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Kids deserve to know the truth about addiction in the family, and they suffer with feelings of guilt and shame if their concerns and fears are never appropriately addressed.

It’s too bad that children get drawn into the whirlwind of family substance abuse, but when one or more parents is abusing drugs or alcohol, the effects on kids in the home can be profound, detrimental and lasting. Kids, even young kids, know something is wrong, and there is no way to shelter them from the realities of the household, and no way to spare them from the pain of the truth.

Children know there’s a problem, but younger children especially very likely don’t understand what it is, why it’s happening, or whose fault it is. The greatest risk is that children will internalize the pain of the abuse behaviors, and believe that they are somehow at fault for the behaviors of abusing parents. Children may accept any story given, but children will only truly believe and benefit from the truth, and by acknowledging the existence of a problem, and by letting kids know that it’s not their fault, they have a far greater chance of growing up happy, healthy and less likely to develop substance abuse problems of their own as they age through their teens.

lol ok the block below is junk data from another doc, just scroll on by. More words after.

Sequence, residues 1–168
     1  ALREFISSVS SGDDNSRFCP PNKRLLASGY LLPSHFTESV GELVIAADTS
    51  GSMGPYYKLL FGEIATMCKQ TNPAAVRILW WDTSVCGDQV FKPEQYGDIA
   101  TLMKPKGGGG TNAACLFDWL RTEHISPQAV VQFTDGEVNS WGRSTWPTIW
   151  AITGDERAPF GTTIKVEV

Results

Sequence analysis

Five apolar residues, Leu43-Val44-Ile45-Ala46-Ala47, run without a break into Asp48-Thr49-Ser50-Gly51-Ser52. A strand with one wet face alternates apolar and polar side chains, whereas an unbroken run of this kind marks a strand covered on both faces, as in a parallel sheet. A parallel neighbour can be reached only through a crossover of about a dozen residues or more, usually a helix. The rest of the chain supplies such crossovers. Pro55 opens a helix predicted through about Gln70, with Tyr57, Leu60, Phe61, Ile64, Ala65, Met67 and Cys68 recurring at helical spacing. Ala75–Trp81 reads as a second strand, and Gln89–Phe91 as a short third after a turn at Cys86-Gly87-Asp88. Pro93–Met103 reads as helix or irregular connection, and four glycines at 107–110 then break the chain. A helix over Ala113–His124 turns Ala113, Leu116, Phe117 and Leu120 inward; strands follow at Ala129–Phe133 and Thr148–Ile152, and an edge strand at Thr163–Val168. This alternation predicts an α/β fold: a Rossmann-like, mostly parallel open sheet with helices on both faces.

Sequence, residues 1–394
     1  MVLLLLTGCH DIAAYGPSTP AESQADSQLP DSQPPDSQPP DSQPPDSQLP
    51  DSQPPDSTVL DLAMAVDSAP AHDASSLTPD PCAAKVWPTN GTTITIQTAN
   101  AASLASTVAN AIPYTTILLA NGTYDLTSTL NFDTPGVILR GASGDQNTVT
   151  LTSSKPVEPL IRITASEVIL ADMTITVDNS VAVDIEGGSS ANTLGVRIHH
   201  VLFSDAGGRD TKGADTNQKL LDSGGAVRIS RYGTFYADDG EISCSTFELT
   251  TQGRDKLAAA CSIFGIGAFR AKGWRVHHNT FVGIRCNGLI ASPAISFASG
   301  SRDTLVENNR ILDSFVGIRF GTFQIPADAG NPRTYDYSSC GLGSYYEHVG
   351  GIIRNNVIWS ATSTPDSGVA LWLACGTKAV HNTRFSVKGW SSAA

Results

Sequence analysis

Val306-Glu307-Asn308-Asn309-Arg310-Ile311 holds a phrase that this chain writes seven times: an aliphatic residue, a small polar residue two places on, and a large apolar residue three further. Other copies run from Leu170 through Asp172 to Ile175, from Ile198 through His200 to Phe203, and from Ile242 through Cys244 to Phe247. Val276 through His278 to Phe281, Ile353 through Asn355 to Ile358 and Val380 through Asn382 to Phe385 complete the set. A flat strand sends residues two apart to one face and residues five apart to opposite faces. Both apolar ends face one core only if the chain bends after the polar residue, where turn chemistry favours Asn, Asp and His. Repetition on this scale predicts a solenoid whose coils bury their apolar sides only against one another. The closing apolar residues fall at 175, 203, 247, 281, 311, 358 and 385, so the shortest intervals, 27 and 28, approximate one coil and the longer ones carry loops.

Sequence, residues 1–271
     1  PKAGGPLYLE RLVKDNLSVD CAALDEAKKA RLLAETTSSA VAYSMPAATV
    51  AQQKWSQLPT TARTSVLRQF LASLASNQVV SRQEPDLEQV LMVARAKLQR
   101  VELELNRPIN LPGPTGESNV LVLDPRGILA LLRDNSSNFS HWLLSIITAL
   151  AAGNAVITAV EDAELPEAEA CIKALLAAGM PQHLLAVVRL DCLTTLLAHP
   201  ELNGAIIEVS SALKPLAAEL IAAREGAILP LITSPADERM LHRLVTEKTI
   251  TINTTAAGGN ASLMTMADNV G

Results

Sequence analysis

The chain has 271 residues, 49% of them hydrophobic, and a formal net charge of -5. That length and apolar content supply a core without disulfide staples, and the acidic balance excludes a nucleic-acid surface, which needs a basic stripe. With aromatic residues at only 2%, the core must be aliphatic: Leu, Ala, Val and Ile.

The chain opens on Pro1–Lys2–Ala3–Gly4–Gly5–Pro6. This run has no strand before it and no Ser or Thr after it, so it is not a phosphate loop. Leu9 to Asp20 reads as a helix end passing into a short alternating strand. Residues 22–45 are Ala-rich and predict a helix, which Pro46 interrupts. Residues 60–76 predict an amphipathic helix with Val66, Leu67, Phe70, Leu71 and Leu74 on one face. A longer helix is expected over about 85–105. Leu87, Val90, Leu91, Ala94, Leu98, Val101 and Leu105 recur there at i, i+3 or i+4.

The National Center on Substance Abuse and Child Welfare recommends telling children:

  1. That addiction is a disease, and that their abusing parent is sick and the witnessed and sometimes scary behaviors are all a part of the disease.
  2. That lots of kids just like them also have a parent or even two parents who also suffer from the same disease.
  3. That it’s OK to talk about the problem, and there is no shame in discussing feelings with any trusted figure.

Giving kids truthful and accurate information about addiction in the family empowers them, relieves negative feelings of shame, responsibility and guilt; and removes some very adult feelings and burdens from narrow shoulders not meant to carry such weight. It’s too bad that any kid needs to suffer the pains of family addiction, but millions of kids live this reality everyday, and the best way to help them thrive is to bring the problem out of the closet, treat their concerns and fears as genuine and valid, and make sure that they understand that they are never at fault for anything that mom or dad does or says while using and abusing drugs or alcohol.

I feel such great shame at what I subjected my family, and particularly my kids to during my years of use and addiction, and although I was never a violent drunk, and never "took it out on the kids" I know they suffered from my neglect and from my sometimes erratic and confusing behaviors. I can’t take it back, but I can do the best I can for them now that I’m sober. Kids are always reason enough to get sober…and when you consider that about half of all alcoholics grew up in alcoholic homes, that’s surely motivation enough to get needed help and treatment.